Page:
Microfilaria of Wuchereria bancrofti
Source: CDC

Filariasis is an infectious tropical disease caused by parasites — filarial nematodes in the superfamily Filarioidea. Filariasis can be classified according to the area of the body affected, as different types of filarial nematodes tend to accumulate in different regions of the human host.

Lymphatic filariasis

Lymphatic filariasis, commonly known as “elephantiasis,” occurs when filarial parasites are transmitted to humans through the bites of mosquitoes that harbor infective-stage larvae. The larvae then migrate to the lymphatic vessels where they develop into adult worms, forming nests in the human lymphatic system.

While infection is usually acquired in childhood, visible manifestations of the disease occur later in life. Acute episodes of the disease may cause only temporary disability, but lymphatic filariasis can lead to permanent disability with painful disfigurement.

Anopheles stephensi Source: CDC
Culex quinquefasciatus Credit: Jim Gathany Source: CDC
Aedes aegypti Source: USDA

CDC Links to vector distribution and habitats

Depending on the region and/or habitat, lymphatic filariasis is transmitted by different types of mosquitoes:

  • Culex mosquitoes are primary vectors in urban and semi-urban areas
  • In rural areas, Anopheles mosquitoes transmit the disease
  • Aedes mosquitoes with filarial nematode larvae can be found mainly in endemic islands in the Pacific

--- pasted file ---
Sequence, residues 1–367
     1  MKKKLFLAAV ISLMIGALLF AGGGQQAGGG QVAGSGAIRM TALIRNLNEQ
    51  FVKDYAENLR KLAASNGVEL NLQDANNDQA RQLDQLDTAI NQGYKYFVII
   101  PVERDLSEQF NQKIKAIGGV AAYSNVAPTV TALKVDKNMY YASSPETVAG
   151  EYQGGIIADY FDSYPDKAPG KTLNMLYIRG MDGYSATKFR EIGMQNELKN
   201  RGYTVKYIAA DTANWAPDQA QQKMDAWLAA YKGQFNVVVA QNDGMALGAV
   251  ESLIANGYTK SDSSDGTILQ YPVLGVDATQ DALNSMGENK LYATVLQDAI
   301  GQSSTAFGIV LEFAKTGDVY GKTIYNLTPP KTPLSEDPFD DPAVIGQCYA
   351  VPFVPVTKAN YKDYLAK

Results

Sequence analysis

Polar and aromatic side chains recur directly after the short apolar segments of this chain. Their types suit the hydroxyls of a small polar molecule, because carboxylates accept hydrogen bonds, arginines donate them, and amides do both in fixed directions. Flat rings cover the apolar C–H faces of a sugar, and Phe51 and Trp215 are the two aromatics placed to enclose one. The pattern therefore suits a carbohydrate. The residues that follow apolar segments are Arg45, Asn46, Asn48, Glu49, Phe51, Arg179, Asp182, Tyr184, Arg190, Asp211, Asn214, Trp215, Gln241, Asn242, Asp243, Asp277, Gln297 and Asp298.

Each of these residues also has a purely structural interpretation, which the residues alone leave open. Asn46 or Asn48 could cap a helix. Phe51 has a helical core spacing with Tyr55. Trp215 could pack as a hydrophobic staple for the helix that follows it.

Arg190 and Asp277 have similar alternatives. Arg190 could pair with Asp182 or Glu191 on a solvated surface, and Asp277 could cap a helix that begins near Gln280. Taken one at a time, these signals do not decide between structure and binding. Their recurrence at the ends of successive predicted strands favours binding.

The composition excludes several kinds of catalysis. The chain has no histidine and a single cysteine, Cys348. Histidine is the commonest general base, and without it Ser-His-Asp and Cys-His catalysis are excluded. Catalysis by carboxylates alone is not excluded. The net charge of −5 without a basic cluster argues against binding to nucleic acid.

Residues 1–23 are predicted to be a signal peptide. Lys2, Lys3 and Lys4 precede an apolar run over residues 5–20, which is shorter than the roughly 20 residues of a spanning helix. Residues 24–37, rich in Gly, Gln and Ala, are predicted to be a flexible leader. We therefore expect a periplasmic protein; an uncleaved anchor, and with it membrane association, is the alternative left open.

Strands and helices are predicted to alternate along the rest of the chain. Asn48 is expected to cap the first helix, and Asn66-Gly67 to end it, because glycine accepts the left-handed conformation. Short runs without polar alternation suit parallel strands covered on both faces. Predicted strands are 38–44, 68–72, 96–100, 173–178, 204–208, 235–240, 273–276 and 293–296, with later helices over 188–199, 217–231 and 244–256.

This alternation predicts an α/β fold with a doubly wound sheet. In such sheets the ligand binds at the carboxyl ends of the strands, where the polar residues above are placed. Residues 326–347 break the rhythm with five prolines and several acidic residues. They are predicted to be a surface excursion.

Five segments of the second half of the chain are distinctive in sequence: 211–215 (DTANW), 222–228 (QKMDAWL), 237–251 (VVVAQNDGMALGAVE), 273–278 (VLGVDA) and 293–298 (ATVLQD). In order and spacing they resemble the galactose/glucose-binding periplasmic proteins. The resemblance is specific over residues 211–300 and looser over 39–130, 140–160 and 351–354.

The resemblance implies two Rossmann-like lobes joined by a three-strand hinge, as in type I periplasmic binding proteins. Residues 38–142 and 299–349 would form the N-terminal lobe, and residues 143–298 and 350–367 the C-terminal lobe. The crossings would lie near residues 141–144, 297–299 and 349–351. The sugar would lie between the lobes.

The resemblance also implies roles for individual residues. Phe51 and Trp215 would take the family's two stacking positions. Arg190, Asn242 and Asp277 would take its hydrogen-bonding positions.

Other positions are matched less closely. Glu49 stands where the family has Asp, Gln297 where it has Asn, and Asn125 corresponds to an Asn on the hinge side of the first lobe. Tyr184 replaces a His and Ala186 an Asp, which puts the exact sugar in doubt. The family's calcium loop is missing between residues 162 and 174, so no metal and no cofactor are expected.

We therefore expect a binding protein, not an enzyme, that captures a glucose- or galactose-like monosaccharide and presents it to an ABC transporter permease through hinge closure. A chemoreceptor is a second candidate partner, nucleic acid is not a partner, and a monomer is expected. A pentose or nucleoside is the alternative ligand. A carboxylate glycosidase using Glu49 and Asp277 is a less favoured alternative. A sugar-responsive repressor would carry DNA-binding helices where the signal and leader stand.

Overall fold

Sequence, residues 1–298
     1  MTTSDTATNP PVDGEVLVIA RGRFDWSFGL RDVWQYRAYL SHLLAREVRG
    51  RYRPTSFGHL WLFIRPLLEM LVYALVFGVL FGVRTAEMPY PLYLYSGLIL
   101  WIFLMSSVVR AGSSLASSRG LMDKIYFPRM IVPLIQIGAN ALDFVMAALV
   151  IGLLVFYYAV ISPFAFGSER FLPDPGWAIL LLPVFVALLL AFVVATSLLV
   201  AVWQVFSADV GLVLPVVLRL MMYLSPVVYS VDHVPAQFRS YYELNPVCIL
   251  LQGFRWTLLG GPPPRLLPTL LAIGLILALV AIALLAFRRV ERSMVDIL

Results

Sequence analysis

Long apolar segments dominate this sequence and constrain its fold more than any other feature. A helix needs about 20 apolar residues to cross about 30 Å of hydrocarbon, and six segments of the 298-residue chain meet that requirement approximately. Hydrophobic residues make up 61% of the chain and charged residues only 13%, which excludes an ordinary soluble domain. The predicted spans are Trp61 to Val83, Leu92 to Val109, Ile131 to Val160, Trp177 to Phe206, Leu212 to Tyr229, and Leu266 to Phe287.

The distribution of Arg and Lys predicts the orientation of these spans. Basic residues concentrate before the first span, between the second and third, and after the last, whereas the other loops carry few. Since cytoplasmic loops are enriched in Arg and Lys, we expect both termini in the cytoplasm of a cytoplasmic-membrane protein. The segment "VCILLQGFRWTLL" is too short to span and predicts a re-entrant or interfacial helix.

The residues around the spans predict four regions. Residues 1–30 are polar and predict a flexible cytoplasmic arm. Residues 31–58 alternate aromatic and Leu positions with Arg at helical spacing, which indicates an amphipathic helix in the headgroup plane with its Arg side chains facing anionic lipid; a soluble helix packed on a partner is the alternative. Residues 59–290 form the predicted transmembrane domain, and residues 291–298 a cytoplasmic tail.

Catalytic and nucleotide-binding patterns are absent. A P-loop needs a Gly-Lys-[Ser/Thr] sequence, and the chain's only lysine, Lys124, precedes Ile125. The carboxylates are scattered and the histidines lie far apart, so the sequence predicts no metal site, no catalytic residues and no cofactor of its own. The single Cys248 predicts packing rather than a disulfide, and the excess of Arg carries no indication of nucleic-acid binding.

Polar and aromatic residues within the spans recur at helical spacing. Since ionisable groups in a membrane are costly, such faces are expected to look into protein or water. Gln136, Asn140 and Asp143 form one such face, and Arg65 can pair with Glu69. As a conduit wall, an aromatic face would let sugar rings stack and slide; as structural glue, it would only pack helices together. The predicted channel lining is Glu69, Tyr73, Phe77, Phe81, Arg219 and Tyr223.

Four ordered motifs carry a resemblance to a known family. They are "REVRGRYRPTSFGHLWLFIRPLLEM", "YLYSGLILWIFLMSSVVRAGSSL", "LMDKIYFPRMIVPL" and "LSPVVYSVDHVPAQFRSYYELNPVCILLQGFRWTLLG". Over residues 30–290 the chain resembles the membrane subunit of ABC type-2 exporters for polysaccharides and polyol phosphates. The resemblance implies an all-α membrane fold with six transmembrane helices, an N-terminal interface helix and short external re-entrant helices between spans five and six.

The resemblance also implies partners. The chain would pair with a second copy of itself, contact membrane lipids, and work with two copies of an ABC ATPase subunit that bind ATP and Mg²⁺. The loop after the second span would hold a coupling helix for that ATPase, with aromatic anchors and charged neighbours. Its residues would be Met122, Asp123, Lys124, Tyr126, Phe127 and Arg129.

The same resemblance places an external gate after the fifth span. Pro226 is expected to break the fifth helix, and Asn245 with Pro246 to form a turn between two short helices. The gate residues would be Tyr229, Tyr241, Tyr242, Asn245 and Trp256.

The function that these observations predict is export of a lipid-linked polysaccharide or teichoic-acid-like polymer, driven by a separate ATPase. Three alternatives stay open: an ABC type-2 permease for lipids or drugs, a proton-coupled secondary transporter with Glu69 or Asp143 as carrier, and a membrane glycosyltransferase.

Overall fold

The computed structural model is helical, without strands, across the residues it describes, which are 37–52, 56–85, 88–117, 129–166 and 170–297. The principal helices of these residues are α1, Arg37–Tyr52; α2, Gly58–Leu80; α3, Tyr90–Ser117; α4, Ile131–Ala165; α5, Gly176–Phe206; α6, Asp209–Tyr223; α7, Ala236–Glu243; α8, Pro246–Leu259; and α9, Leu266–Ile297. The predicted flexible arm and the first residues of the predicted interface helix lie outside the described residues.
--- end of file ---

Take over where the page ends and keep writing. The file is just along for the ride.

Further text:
• Mansonia mosquitoes spread the disease in emergent aquatic vegetation

Links to suggested vector-control solutions

Product selection dependent on vector biology and ecology
VectoBac 12AS
VectoBac WDG (WG)
VectoBac Granules
VectoLex Granules
VectoLex WDG
VectoMax Granules
MetaLarv S-PT

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Subcutaneous filariasis

Subcutaneous filariasis comes in several forms, with one of the most common and debilitating forms being onchocerciasis, commonly known as “river blindness.”

filariasisOnchocerciasis is a parasitic disease caused by the filarial worm Onchocerca volvulus. It is transmitted from human to human through the bites of black flies, which become infected with microfilariae, the larval stage of the parasite. As the filarial nematodes mature, spread through the body, and eventually die, they cause a variety of conditions, including skin rashes, skin depigmentation, lesions, itching, and blindness.

Photomicrograph (glycerine mount) of the microfilarial pathogen Onchocerca volvulus in its larval form Credit: Ladene Newton; PHIL #4637 Source: CDC Public Health Image Library.

The majority of onchocerciasis infections occur in sub-Saharan Africa, although some cases have also been reported in Yemen and isolated areas of Central and South America. According to the World Health Organization, an estimated 18 million people suffer from onchocerciasis, with approximately 270,000 cases of blindness related to the infection.

Vector insects

Onchocerciasis is transmitted through the bite of infected black flies of the genus Simulium.

Vector distribution and habitat

Black flies of the Simulium genus can be found around the globe and lay their eggs in moving water.

Link to suggested vector-control solution

VectoBac 12AS